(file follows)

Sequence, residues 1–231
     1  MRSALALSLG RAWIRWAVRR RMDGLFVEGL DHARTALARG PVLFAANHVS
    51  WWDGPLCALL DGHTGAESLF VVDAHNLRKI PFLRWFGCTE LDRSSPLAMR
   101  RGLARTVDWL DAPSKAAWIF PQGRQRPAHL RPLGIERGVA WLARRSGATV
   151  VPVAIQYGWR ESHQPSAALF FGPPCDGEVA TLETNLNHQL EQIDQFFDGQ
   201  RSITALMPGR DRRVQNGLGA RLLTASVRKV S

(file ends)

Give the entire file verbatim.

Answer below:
Sequence, residues 1–231
     1  MRSALALSLG RAWIRWAVRR RMDGLFVEGL DHARTALARG PVLFAANHVS
    51  WWDGPLCALL DGHTGAESLF VVDAHNLRKI PFLRWFGCTE LDRSSPLAMR
   101  RGLARTVDWL DAPSKAAWIF PQGRQRPAHL RPLGIERGVA WLARRSGATV
   151  VPVAIQYGWR ESHQPSAALF FGPPCDGEVA TLETNLNHQL EQIDQFFDGQ
   201  RSITALMPGR DRRVQNGLGA RLLTASVRKV S